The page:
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Lagos magistrates may get autonomous power for offenders 

By Monsurudeen Olowoopejo

Magistrate in Lagos may soon begin to determine fate of minor offenders under detention should amendment of Criminal Justice law administration before the State House of Assembly is approved and assented to by the governor, Babajide Sanwo-Olu.

To determine minor offenders fate, the magistrate would be conducting monthly inspection tour of Nigerian police stations or other places of detention within their jurisdiction and grant bail to offenders earlier denied.

The proposal to grant magistrate power to set minor offenders free was contained in the bill currently been debated by lawmakers on floor of the house which seek to amend Criminal Justice Law, Cap A3, Laws of Lagos State, 2015.

These were revealed during a one-day public hearing on a bill to amend criminal justice administration organised by the House Committee On Judiciary, Human Rights, Public Petitions and Lagos State Independent Electoral Commission (LASIEC) at the Lagos assembly pavilion, Ikeja.

Giving an overview of the bill on Thursday, Majority Leader of the House,  Sanai Agunbiade, said that the new innovations and other amendments were introduced into the bill to strengthen administration of criminal justice law of the state.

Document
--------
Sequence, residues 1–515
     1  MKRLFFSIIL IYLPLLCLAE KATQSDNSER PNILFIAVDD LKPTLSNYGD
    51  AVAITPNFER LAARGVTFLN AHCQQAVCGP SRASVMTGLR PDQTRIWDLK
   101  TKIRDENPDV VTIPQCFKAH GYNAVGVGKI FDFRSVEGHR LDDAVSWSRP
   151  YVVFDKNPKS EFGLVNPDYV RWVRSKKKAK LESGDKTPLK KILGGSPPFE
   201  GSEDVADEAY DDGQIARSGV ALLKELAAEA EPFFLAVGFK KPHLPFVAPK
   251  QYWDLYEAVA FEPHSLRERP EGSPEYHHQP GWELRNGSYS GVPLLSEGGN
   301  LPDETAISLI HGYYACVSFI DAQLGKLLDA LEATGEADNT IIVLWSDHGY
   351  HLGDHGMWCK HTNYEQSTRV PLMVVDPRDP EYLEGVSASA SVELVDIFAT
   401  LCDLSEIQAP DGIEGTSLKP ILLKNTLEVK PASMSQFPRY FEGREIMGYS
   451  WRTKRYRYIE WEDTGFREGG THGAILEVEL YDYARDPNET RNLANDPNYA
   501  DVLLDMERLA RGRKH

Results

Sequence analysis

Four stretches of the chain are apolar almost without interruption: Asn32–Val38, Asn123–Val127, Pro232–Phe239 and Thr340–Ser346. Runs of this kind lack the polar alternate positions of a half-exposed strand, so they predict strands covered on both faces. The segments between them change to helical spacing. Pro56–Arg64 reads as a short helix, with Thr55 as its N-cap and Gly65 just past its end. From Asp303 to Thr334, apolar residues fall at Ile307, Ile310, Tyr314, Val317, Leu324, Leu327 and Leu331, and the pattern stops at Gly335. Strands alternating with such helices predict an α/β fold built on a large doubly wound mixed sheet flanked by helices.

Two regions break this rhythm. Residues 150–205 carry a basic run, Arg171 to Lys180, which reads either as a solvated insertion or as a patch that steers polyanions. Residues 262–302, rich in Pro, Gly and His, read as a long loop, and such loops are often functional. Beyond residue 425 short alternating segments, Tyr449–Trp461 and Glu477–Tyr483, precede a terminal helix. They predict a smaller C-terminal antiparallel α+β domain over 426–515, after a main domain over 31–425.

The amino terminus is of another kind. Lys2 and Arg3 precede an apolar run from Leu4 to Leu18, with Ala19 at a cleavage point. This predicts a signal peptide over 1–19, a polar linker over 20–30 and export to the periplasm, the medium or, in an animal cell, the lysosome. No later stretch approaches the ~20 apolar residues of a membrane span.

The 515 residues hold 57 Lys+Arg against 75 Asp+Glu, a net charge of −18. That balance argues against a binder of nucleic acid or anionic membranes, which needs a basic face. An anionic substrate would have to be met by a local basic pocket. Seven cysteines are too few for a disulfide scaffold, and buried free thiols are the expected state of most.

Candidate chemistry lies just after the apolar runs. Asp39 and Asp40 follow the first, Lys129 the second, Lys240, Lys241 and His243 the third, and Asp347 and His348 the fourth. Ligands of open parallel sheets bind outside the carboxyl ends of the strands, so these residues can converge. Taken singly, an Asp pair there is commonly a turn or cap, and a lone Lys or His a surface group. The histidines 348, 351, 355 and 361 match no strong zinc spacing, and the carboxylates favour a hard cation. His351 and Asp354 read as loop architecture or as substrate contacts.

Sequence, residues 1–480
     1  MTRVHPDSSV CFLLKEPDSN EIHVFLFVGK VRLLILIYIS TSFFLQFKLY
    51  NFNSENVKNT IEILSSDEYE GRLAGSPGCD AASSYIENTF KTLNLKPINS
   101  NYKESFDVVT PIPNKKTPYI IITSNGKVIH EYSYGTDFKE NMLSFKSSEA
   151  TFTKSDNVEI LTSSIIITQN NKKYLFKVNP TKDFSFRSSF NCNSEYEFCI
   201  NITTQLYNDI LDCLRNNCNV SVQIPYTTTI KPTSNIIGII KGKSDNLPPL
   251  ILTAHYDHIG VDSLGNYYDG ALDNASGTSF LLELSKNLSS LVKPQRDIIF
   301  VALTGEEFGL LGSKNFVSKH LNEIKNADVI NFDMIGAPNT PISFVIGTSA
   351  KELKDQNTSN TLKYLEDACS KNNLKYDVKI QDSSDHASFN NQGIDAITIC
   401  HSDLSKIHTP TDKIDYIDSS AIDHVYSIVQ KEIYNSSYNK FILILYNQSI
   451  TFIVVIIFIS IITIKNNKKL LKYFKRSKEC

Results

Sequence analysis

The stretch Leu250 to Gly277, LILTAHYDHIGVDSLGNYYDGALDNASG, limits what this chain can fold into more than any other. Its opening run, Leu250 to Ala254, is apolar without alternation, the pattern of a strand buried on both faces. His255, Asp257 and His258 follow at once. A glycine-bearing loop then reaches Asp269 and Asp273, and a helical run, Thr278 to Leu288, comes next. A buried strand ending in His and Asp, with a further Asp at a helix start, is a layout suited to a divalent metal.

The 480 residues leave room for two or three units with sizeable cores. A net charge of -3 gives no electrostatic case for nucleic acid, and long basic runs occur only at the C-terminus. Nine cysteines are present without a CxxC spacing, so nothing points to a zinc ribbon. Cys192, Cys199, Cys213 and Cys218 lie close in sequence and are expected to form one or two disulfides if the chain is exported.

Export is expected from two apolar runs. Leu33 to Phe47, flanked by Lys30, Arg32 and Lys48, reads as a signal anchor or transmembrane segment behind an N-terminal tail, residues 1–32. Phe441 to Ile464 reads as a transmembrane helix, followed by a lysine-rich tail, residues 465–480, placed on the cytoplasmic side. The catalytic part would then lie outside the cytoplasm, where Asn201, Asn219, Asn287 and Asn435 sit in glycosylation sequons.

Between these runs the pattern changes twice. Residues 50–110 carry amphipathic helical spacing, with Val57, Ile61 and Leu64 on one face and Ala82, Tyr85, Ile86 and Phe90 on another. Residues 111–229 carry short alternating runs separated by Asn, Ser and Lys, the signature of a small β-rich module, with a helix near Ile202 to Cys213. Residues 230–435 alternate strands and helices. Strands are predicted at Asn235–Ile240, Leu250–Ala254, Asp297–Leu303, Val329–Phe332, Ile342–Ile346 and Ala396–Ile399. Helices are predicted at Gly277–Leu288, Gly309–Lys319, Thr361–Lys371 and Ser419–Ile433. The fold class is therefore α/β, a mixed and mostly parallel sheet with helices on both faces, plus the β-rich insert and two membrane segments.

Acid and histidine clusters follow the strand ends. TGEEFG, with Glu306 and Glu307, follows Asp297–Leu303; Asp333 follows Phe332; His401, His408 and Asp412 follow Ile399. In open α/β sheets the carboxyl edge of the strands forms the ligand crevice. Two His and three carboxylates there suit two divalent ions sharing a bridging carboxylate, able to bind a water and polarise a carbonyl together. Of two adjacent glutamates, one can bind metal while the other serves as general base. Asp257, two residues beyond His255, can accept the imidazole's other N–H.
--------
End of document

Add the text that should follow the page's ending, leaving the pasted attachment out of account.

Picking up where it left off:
In the bill, Agunbiade disclosed that Section 9 states that a person under police detention should be given reasonable facilities for obtaining legal advice, bail or afforded the liberty to make arrangements for his defence or release from custody.

On the right of suspects, the lawmaker hinted that section 7 of the bill prevents the law enforcement agencies from arresting Lagosians merely on a civil wrong or breach of contract as well as barred the police from parading any suspect before the media.

According to him, section 76 of the bill states that prosecutor may receive and consider a plea bargain from a defendant charged with an offence either directly or on behalf of the defendant, and that he may offer a plea bargain to a defendant charged with an offence.

He said: “The bill in section 181 (b) reads that a witness who refuses to attend court proceedings shall be liable on summary conviction to a penalty not exceeding N20,000 or to imprisonment for a term not exceeding 2months”.

Agunbiade added that the bill granted court permission to strike out any case that prosecutor failed to appear and discharge the defendant unless it has  received a reasonable excuse from the prosecution for the non-appearance of the witness.

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